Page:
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What's the final tally for Streetscape?

Historic District construction bill now at $11 million
By: Don Chaddock and Laura Newell The Telegraph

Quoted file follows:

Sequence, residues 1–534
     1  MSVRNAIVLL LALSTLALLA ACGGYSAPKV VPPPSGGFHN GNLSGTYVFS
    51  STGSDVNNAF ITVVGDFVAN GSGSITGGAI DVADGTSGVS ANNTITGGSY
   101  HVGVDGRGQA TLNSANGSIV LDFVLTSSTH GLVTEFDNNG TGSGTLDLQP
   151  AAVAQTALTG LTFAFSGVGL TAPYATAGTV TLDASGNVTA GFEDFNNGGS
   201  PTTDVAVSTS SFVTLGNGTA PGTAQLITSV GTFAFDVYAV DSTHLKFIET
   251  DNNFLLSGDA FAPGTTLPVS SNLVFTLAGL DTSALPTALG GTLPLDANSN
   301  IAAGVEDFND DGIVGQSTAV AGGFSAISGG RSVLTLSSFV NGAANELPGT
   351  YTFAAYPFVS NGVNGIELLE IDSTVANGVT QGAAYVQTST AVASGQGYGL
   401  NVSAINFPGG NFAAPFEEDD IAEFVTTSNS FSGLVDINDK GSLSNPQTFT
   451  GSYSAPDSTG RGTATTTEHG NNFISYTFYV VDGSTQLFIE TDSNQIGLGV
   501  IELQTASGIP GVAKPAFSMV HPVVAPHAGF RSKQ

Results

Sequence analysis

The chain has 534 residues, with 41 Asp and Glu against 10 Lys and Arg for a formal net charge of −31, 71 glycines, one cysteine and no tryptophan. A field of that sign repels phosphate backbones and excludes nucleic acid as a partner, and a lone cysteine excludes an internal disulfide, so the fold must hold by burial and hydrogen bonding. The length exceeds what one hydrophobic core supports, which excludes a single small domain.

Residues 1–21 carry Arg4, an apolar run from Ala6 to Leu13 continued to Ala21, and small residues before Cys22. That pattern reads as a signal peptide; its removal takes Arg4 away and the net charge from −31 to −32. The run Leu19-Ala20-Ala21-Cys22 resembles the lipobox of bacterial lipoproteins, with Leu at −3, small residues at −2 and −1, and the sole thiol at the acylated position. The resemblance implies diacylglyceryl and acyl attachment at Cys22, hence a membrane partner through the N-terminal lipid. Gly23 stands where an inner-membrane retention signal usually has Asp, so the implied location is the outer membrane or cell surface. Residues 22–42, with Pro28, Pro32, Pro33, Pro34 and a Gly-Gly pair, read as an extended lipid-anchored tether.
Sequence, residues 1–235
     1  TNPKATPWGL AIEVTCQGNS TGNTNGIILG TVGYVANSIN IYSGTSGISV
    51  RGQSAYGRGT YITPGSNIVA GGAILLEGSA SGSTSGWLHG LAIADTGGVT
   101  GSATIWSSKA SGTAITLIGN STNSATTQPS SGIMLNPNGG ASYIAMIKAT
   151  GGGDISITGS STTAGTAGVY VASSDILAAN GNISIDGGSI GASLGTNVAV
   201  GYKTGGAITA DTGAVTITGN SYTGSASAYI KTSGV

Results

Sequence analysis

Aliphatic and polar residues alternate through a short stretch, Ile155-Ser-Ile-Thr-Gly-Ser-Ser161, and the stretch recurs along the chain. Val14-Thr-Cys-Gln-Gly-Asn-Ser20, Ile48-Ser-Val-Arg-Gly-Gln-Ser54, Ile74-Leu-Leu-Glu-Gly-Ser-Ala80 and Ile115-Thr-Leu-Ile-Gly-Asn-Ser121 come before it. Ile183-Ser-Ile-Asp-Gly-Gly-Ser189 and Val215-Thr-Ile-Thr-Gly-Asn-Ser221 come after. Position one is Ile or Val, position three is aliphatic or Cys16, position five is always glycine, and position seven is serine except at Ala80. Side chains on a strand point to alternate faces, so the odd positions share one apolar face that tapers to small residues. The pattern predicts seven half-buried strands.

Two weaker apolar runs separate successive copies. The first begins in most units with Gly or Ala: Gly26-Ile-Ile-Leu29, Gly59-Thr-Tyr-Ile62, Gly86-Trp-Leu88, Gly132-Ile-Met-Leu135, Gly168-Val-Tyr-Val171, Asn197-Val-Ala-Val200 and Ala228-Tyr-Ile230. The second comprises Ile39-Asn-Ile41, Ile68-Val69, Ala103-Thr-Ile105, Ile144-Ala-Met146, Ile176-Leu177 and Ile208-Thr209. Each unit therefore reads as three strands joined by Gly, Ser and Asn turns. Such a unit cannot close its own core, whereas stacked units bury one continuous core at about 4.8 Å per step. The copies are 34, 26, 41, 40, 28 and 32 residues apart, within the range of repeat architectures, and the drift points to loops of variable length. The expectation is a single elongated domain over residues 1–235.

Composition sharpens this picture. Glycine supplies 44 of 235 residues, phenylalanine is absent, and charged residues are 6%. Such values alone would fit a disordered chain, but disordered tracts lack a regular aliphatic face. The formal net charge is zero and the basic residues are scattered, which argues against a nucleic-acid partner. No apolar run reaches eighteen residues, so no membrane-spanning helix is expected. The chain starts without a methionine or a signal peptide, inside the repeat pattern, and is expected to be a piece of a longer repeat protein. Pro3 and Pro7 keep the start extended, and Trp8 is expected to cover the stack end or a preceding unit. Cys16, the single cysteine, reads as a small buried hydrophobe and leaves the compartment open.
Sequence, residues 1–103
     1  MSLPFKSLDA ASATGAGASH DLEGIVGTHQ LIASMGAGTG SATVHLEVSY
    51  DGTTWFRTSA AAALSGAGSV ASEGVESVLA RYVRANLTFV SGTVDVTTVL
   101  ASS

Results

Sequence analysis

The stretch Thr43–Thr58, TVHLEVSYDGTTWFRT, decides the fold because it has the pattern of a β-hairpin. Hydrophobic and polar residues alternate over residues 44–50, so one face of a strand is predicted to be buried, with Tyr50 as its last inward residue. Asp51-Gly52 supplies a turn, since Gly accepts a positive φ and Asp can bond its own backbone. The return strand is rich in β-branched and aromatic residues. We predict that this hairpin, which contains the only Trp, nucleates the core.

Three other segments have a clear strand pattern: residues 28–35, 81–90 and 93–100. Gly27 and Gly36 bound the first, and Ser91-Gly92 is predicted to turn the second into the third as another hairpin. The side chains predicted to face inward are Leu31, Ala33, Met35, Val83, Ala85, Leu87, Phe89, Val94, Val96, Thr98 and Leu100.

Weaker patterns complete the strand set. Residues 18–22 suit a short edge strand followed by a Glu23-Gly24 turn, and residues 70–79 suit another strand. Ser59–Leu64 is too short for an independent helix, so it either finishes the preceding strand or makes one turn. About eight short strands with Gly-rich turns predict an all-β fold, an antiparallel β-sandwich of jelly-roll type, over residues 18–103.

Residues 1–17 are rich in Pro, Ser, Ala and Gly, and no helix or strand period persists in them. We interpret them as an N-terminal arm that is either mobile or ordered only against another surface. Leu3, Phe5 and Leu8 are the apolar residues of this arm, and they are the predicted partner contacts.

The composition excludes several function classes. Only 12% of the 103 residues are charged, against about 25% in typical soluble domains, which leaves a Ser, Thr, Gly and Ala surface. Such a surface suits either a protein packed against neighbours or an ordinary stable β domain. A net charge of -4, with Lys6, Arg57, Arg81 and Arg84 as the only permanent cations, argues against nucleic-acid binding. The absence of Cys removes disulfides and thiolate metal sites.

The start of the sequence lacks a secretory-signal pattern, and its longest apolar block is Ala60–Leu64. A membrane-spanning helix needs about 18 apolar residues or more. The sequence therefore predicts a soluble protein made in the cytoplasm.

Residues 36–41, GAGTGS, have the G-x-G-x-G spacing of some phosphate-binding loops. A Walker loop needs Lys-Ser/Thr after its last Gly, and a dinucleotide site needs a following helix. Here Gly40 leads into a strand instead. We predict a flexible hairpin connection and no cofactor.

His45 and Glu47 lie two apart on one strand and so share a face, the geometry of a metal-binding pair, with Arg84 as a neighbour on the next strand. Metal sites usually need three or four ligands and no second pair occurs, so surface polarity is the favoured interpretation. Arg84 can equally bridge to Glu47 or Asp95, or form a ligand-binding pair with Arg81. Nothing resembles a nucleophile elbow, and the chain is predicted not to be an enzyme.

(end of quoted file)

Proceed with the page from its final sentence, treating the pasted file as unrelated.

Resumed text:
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Construction crews have been in the Folsom Historic District for more than a year and delays, combined with cost overruns, have some complaining. The original cost for the Streetscape project, known as Historic District Revitalization, was $8.4 million and was expected to last 14 months. The latest figures have spiked the price tag to $11 million and added two months to the construction timeline. But, according to city officials, the “spike” is actually the combination of the “streetscape” project with the “facade” project — two completely separate items. As the overall Historic District Revitalization project nears an end, Folsom City Manager Kerry Miller said the cost overruns are due to many factors. “The project is on time as envisioned when (originally) bid,” Miller said. “We set ambitious goals for ourselves (trying to minimize the impact on businesses).” He said they had originally hoped to have “substantial” work completed before the holidays. “We got it pretty well buttoned down,” he said. He said a heavy rain year was not anticipated and that caused at least two months of lost work. “Underground work was (also) more (involved) than we anticipated,” he said. According to Dave Nugen, the city’s senior civil engineer, surprises continued to pop up during construction. “One of the biggest challenges is we’re digging up things from the 1850s,” he said. “An example of (surprises) is when we removed the (granite) monuments, we discovered the planters (in the street median) were sitting on the old street, all just in 6 inches of dirt on top of the road.” Assistant City Manager Evert Palmer said other surprises included the old tunnel running under Sutter Street from the Folsom Hotel to the river under Hacienda, the basement under Hop Sing restaurant and reinforcing the foundation around Dorothea’s Christmas at Wool and Sutter streets. “We didn’t know what (issues) they were, but had to deal with them once they were (discovered),” Palmer said. Canopies and façade work ended up costing more than expected, according to Miller. “We’ve spent substantially more … than originally anticipated,” Miller said. “The canopies at Dorothea’s and Folsom Hotel were originally planned as cosmetic and not structural.” Miller said city officials were heavily lobbied to “do it right the first time” and make them structural, allowing the balconies to be used in the future. He said other factors affecting the project’s bottom line include marketing the district, signage and shutting the work down to make way for special events like the Cattle Drive and Folsom Live. Bobbi Eddy, owner of Not too Shabby in the Folsom Historic District, said the price tag increase isn’t shocking. “I’m not surprised that there are cost overruns,” she said. “There was a lot put into the street. For example, there was a sidewalk and (wheelchair) ramp put in front of my store because before it was only asphalt.” Eddy said the loss of foot-traffic has been difficult. “It had a huge impact on all of the businesses (and) it’s been a huge strain,” she said. “I’ve been closed 20 out of the last 25 days. I don’t even have a bottom line anymore because it’s so low.” Despite that, she said she’s optimistic. “I’m looking forward to May 7 with the grand opening celebration and May 14 with Second Saturday to get people down to the street,” she said. “I’ve lived through construction projects before and I knew it would be devastating.” She also doesn’t regret locating her business in the district. “After looking at different areas (to move), I concluded that Historic Folsom was the best location to be,” Eddy said. “There is nothing the city or construction (crews) could have done differently. They have worked very well with us.” Visitor Scott Holbrook often travels from Auburn to enjoy the ambiance of Sutter Street and said he’s watched construction tear down what he loved about the street. “Honestly, I do not like it,” he said. “I really think the addition of a couple of parking spots compared to the loss of the center median is a downgrade. I sit on the Hacienda porch often and have watched the progress (but) I think in the hotter months, it will seem even worse.” He said he’s less inclined to stroll Sutter Street now. “As a visitor, it makes the thought of walking the streets and perusing the shops less appealing,” Holbrook said. “The construction has also been a pain. I’m only a visitor, but I do know at least a little of these funds came from my wallet and potential future dollars to vendors are at stake. Bad move, Folsom.” The trees lining the middle of Sutter Street is something he misses. “That center median green zone was one of the things that made Folsom unique and special,” Holbrook said.